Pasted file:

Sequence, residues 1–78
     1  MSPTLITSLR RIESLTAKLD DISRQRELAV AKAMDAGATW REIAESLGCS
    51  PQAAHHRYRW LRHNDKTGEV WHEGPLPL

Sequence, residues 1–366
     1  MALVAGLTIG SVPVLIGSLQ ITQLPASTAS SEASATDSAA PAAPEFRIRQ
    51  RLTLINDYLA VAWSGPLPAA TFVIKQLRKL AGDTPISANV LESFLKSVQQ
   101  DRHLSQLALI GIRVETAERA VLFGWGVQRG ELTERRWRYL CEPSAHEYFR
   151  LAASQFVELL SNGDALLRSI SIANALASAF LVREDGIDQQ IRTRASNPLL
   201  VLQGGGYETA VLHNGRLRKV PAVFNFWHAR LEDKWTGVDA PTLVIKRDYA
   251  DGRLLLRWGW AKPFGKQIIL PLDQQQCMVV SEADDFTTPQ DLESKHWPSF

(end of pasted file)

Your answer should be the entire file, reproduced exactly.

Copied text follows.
Sequence, residues 1–78
     1  MSPTLITSLR RIESLTAKLD DISRQRELAV AKAMDAGATW REIAESLGCS
    51  PQAAHHRYRW LRHNDKTGEV WHEGPLPL

Sequence, residues 1–366
     1  MALVAGLTIG SVPVLIGSLQ ITQLPASTAS SEASATDSAA PAAPEFRIRQ
    51  RLTLINDYLA VAWSGPLPAA TFVIKQLRKL AGDTPISANV LESFLKSVQQ
   101  DRHLSQLALI GIRVETAERA VLFGWGVQRG ELTERRWRYL CEPSAHEYFR
   151  LAASQFVELL SNGDALLRSI SIANALASAF LVREDGIDQQ IRTRASNPLL
   201  VLQGGGYETA VLHNGRLRKV PAVFNFWHAR LEDKWTGVDA PTLVIKRDYA
   251  DGRLLLRWGW AKPFGKQIIL PLDQQQCMVV SEADDFTTPQ DLESKHWPSF